A CEO takes full responsibility

A CEO takes full responsibility

Summary: By now, everybody in the Philippine business community, particularly in the IT sector, has already heard and aired their own opinions on the plagiarism controversy that had embroiled Manny V. Pangilinan, the powerful chairman and CEO of dominant carrier PLDT.

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By now, everybody in the Philippine business community, particularly in the IT sector, has already heard and aired their own opinions on the plagiarism controversy that had embroiled Manny V. Pangilinan, the powerful chairman and CEO of dominant carrier PLDT.

For those not yet familiar with the issue, Pangilinan delivered a commencement address at the Ateneo de Manila University that contained unaccredited passages from similar graduation speeches made by Barack Obama, Oprah Winfrey and Conan O'Brien, among others.

After a blogger reportedly noticed the copied parts of the speech and before the issue even got to the public radar, Pangilinan stepped forward and admitted he was sorry for committing the error. He then offered to resign as chair of the university's Board of Trustees. The school authorities have rejected his resignation, however.

It's assumed that Pangilinan didn't write his own speech although he has not categorically said someone else drafted it for him. While everyone is curious to know who that person is, he has steadfastly protected their identity. Furthermore, he has owned up the blunder without blaming anyone but himself.

The controversy could have been easily avoided if the speechwriter simply quoted the speeches of these personalities instead of lifting them directly without proper attribution. Apparently, the writer merely searched "graduation speech" in Google and then proceeded to create a patchwork of borrowed lines.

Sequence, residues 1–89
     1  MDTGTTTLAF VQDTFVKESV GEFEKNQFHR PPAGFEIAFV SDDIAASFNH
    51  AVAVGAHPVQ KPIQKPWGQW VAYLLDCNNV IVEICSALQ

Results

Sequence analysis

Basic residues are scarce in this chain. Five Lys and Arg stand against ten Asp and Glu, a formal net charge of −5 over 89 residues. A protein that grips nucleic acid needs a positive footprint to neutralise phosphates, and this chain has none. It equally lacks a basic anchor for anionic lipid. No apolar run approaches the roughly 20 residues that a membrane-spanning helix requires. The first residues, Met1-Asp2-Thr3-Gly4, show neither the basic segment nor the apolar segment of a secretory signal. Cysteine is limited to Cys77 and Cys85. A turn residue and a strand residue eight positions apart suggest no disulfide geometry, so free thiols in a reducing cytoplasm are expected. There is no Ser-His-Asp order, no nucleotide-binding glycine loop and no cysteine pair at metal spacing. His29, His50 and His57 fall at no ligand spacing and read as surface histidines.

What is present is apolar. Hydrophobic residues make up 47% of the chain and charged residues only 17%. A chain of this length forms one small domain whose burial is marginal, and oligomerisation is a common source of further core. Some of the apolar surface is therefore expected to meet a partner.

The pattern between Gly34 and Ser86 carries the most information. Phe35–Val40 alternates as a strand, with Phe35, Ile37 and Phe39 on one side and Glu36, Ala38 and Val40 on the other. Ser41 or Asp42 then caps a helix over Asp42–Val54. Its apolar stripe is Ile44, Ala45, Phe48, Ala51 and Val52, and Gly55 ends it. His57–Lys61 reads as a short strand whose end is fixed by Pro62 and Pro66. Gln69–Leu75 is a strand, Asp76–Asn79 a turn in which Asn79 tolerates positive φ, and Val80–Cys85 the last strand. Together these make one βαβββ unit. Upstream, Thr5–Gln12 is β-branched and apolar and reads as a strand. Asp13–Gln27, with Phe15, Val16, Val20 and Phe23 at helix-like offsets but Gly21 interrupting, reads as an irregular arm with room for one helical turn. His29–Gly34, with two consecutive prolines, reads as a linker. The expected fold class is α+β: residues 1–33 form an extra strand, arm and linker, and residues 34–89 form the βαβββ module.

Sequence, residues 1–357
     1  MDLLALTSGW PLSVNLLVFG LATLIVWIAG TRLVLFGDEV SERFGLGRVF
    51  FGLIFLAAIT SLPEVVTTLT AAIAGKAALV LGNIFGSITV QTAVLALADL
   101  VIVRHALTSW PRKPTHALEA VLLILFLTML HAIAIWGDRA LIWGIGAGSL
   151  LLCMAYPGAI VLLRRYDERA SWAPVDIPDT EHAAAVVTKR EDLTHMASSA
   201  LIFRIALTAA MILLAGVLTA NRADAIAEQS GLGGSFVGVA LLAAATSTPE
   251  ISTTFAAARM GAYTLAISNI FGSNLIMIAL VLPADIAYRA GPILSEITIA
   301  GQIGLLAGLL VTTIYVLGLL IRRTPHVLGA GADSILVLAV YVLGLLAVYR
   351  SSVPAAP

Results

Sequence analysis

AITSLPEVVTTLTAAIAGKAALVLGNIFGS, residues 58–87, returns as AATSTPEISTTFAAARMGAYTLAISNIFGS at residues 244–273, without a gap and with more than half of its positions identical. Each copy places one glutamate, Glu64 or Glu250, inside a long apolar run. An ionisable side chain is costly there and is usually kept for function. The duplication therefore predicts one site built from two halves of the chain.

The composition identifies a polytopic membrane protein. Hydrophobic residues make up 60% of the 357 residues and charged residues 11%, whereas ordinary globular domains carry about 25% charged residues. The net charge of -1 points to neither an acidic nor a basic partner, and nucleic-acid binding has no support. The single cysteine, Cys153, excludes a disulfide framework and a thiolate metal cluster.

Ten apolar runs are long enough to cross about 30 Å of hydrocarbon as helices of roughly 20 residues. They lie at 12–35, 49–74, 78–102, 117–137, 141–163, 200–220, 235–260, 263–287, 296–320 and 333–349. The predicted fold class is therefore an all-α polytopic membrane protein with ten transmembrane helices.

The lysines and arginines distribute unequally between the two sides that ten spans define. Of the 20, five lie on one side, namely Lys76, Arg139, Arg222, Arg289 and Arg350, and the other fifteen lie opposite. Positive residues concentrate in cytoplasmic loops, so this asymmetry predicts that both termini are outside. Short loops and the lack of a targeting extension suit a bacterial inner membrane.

But, I honestly think the PLDT head honcho's mea culpa was a class act.

By taking full responsibility for the speech and readily offering an apology, the CEO showed the stuff he's made of--a tough chip who's brave enough to admit his mistake and not pass the buck to some poor underling.

It's also interesting to note how Pangilinan, in that same graduation speech, narrated how he lost his high school graduation honors at San Beda when he, along with other batchmates, were caught cheating in an exam. Instead of squealing on his classmates so that he may look good in the eyes of the school authorities, he chose to confront his own shortcomings and paid the price.

Pangilinan faced the music and came out stronger in the end.

Industry Update Nic Jorge, country manager for software group of IBM Philippines, has resigned from his post to assume a new role at the local subsidiary of software titan, Microsoft. Jorge, son and namesake of the famous basketball coach, started work at Microsoft Philippines about three weeks ago handling marketing efforts targeted at the MSME (micro and small medium enterprises). IBM Philippines has yet to name his replacement.

UPS firm APC Philippines' head Philippe Reveilhac has just been promoted as the new country chief of Schneider Electric, the mother company of APC.

Beth Lui, the longtime country managing director of Accenture Philippines, has confirmed that she'll be officially joining SPi Global Solutions, the BPO arm of dominant carrier PLDT, this April. Lui will be heading the data operations of SPi, while Maulik Parekh, former country manager of TeleTech Philippines, will be handling the voice business of the company.

Topics: Outsourcing, CXO, Enterprise 2.0, Philippines, Asean, Storage, Software, Microsoft, IBM, Government US, Government Asia, Social Enterprise

Melvin G. Calimag

About Melvin G. Calimag

Melvin G. Calimag is currently the executive editor of an IT news website in the Philippines. Melvin has been covering the local IT beat for the last 13 years. He is currently a board member at the IT Journalists Association of the Philippines (CyberPress), and also serves as a charter member with the Philippine Science Journalists Association.

Joel D. Pinaroc

About Joel D. Pinaroc

Joel has been a media practitioner since 1996, starting off as a reporter and eventually becoming editor of a pioneering IT trade newspaper in Manila. He is currently one of the content producers of a Manila-based developmental website.

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  • True. It would have been easy to just blame it on the speechwriter. Class Act indeed.
    mingnow